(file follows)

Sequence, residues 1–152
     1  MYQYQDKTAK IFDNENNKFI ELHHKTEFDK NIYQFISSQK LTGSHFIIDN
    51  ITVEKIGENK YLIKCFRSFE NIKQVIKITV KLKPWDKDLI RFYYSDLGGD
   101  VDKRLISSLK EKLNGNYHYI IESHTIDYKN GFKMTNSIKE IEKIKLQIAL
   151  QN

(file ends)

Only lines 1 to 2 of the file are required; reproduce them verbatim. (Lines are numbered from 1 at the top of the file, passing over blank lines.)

Sequence, residues 1–152
     1  MYQYQDKTAK IFDNENNKFI ELHHKTEFDK NIYQFISSQK LTGSHFIIDN